Ordinarily we make a plural in English by adding an “-s” at the end.
Almost immediately, though, things begin to get complicated. Sometimes you have to add “-es” (remember fourth grade?). Then some words don’t change at all to become plural, such as “fish” and “moose.” Some words change a vowel to make a plural, such as “mice.” I remember Tom the cat saying “I hate those meeses to pieces,” in Tom and Jerry cartoons, exaggerating the plural for comic effect.
And don’t get me started on all those Latin endings, “genera,” “alumni,” and “alumnae” for example. Some words don’t even have a plural! If you say “informations,” you betray that English is not your first language. “Lego,” by the way, doesn’t have a plural. No such word as “Legos.” It’s “pieces of Lego,” but I digress.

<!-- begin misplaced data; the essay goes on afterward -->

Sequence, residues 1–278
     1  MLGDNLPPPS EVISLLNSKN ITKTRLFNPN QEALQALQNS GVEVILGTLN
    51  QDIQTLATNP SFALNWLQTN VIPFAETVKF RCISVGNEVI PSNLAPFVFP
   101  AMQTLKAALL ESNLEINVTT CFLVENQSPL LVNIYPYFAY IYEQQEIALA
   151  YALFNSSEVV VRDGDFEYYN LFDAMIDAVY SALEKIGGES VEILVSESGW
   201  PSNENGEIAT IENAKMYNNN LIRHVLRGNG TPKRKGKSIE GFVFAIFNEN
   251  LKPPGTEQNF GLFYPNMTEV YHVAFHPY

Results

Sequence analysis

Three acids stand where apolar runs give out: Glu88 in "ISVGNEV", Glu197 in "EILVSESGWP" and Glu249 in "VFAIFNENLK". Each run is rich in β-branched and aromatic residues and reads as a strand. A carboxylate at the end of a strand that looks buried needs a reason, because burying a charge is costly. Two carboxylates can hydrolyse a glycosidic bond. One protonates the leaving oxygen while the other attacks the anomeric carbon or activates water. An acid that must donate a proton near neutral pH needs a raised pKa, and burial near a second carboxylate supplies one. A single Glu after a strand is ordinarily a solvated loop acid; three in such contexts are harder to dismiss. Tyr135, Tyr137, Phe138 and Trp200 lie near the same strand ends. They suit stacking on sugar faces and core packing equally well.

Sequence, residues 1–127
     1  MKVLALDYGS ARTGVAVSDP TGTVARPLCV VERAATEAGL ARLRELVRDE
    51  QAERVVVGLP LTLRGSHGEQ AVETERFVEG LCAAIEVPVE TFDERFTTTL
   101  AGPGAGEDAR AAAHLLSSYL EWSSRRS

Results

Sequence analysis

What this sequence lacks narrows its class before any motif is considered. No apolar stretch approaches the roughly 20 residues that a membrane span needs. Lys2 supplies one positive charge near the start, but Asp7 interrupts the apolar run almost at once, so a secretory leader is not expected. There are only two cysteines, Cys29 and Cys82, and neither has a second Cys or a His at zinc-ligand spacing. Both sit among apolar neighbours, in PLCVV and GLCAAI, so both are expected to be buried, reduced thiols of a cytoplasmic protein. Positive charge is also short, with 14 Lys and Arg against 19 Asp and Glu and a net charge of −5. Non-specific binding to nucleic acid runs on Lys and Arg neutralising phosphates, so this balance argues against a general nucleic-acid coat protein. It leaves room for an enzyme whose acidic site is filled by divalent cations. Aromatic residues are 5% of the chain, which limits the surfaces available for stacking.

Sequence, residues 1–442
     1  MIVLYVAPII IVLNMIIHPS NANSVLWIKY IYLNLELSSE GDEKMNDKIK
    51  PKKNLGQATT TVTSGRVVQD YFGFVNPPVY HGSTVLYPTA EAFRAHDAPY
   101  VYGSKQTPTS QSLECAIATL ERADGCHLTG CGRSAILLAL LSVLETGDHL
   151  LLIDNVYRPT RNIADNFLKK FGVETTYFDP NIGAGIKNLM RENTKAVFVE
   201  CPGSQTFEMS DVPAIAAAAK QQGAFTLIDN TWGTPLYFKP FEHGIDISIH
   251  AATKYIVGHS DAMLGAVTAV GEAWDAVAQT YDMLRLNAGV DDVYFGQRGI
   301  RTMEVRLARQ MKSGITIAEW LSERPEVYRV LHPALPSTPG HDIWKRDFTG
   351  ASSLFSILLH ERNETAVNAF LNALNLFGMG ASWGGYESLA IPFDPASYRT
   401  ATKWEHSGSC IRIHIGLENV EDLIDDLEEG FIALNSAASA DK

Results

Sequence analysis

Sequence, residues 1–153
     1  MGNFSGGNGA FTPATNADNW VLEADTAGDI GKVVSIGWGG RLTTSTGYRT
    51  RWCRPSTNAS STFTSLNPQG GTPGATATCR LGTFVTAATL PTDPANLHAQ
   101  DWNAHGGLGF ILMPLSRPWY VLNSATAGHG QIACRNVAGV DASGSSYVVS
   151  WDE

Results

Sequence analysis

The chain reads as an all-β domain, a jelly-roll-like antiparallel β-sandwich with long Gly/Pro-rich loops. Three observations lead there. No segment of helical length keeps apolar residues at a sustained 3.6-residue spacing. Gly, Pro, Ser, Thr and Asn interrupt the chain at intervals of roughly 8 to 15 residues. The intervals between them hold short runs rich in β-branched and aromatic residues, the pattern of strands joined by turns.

Finally, some words look like plurals but they aren’t. We call them false plurals. Sciences that end in “-ics” are all singular. Physics, cybernetics, fluidics, and finally, which leads to today’s comic, genetics. Can you tell what the verb should be?
Michael Cavna, the cartoonist, is a respected writer, enough to make me suspect this was deliberate. This misuse of “don’t” is often associated with being undereducated. He wouldn’t be insinuating that football fans are undereducated, would he??? Nah…